Rape vs. Race
The GOP refused to support a racist in 1991. Will it support a rape skeptic in 2012?
Newt Gingrich campaigning for Todd Akin, Sept. 24.
Photo by Whitney Curtis/Getty Images
When Rep. Todd Akin, the Republican nominee for the U.S. Senate in Missouri, made his infamous comments about “legitimate rape,” the party’s national leaders abandoned him. They urged him to step down so they could substitute a more electable nominee.
Akin refused. Today was the deadline for him to withdraw. He’s staying in the race. And some Republican leaders are creeping back in to support him.
Mike Huckabee is sticking with Akin. Phyllis Schlafly is doing a bus tour for him. The Senate Conservatives Fund, headed by Sen. Jim DeMint, R-S.C., is seeking support from its donors to help Akin. And yesterday, Newt Gingrich went to Missouri to headline a $500-a-plate fund-raiser for him.
Gingrich says party leaders have no business shunning a candidate chosen by voters. “The people of Missouri picked him to be their nominee in a fair fight,” Gingrich told the St. Louis Post-Dispatch. At yesterday’s fund-raiser, Gingrich asked: “What’s the moral case for not backing the Republican nominee picked by the people of Missouri?” In a radio interview, he elaborated:
I just think it is so profoundly wrong for the big-money boys in Washington to decide they can dictate to the people of Missouri or Georgia or any other state. Todd Akin won the nomination. ... He is clearly the candidate of the people of Missouri. ... People who donate to the [Republican] Senate committee should be calling and raising Cain and saying, “What do you mean you’re not going to be for the Republican nominee in Missouri?”
That isn’t what Gingrich said when he was one of the party’s big-money boys. In 1986, Gingrich became general chairman of GOPAC, an organization dedicated to supporting conservative Republican candidates. Three years into his tenure, David Duke, a former Ku Klux Klansman, won a seat in the Louisiana legislature as a Republican. Duke formally renounced his past racist affiliations, but Gingrich—who was a month away from being elected to the second highest Republican post in the U.S. House of Representatives—refused to accept him. ''This is a man whose record is one of ... race-baiting,'' Gingrich insisted. ''The Republican Party wants to make clear that we do not condone, we do not tolerate, race-baiting.''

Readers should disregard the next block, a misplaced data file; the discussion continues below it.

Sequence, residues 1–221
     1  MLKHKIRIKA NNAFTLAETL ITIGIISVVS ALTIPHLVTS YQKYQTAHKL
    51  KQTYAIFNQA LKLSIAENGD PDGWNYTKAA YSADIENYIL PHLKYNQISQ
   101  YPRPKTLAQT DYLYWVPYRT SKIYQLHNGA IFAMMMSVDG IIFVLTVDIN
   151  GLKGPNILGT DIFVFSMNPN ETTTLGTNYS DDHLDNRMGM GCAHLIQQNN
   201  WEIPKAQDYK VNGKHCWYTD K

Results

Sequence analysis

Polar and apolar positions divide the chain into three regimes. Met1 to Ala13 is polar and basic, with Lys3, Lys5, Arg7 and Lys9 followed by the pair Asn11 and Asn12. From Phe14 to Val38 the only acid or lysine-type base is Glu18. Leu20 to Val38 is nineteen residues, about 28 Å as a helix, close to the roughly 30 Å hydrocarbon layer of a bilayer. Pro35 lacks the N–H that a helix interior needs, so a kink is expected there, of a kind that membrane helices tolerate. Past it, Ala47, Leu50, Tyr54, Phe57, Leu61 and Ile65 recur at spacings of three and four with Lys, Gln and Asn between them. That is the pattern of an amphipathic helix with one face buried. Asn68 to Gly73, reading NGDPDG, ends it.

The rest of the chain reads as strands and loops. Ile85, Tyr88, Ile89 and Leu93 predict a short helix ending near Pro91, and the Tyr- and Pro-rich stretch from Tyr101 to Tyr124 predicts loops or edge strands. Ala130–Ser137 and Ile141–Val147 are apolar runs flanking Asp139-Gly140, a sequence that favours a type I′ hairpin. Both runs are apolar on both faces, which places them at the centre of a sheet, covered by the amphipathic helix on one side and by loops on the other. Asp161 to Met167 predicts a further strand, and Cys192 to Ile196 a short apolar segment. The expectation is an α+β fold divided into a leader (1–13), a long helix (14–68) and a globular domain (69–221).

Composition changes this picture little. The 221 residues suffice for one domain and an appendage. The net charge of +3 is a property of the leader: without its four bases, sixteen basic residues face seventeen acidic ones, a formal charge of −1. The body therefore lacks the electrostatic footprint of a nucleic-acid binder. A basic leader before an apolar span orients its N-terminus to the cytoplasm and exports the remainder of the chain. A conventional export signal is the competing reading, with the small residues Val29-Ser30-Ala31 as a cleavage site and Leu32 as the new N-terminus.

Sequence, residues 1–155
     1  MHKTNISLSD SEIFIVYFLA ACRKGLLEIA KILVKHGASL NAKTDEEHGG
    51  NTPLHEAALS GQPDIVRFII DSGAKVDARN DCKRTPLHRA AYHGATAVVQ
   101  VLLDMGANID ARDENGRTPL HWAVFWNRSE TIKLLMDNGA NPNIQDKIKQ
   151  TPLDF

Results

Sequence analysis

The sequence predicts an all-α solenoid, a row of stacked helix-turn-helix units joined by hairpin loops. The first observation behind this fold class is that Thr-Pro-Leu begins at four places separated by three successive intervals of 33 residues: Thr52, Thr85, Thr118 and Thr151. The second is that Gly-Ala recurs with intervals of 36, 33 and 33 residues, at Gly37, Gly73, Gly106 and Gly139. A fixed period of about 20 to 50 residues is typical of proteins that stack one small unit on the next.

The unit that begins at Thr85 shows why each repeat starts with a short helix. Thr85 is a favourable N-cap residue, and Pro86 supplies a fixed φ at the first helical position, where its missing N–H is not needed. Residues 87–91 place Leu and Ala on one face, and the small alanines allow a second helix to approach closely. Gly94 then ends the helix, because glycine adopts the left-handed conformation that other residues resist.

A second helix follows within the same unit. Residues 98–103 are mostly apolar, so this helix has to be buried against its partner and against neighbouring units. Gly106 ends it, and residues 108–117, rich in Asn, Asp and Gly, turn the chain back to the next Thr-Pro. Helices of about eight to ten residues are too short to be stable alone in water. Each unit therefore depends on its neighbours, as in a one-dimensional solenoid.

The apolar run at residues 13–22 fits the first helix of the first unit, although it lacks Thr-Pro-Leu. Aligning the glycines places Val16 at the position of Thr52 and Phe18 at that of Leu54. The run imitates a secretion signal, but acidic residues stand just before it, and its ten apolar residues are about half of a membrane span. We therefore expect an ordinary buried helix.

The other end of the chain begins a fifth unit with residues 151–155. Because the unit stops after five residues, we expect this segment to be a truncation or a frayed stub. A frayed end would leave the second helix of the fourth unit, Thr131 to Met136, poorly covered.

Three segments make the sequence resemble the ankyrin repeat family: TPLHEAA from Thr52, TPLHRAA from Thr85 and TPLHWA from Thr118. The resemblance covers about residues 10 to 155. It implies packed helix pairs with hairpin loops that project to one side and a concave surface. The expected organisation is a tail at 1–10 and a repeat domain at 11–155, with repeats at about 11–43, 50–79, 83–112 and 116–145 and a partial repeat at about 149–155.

In 1991, 56 percent of Louisiana Republicans voted for Duke for governor. But a year later, as Duke prepared to run for president, Gingrich repeated that Duke “should be shunned.”
Last month, many national Republicans took a similar stance toward Akin. After Akin said that an abortion ban need not include an exception for rape because “if it’s a legitimate rape, the female body has ways to try to shut that whole thing down,” GOP leaders said the party had to make clear that it didn’t condone his views.
Gingrich takes a different view. Now that the subject is sexism rather than racism, he advocates forgiveness, tolerance, and Republican solidarity. He defends Akin’s abortion views and says Akin’s opponent, Sen. Claire McCaskill, “stands for the kind of abortion rules that are just totally unacceptable to most decent Americans.” Gingrich calls Akin’s comment a “six-second mistake” and says Akin should be forgiven because he "admitted he made a mistake and apologized for it.”
That’s a whitewash. Akin’s problem with rape, like Duke’s problem with race, goes back decades. He’s been a rape skeptic since the days when Duke was running for governor. And Akin has never apologized for that. In his so-called apology, Akin asserted, “The mistake I made was in the words I said, not in the heart I hold.”
This doesn’t seem to trouble Gingrich. "I can't imagine,” he exclaims in disbelief, that the Republican National Committee “would want to risk losing Missouri for Romney by getting into some kind of divisive schismatic fight." Race is a red line, but rape is just a schism.
Akin never wore a hood, and 2012 is a long way from 1991. You can argue that the two cases are different. But Gingrich, Huckabee, DeMint, and other Republicans haven’t made that case. They haven’t explained why, if racial prejudice disqualifies a popularly chosen candidate from national Republican support, rape skepticism doesn’t. Until they do, the simplest explanation is that a history of second-guessing women about rape doesn’t bother these Republicans morally—or at least politically—the way that a history of racism does.
If you have a better answer, gentlemen, let’s hear it.
William Saletan's latest short takes on the news, via Twitter:
Will Saletan covers science, technology, and politics for Slate and says a lot of things that get him in trouble.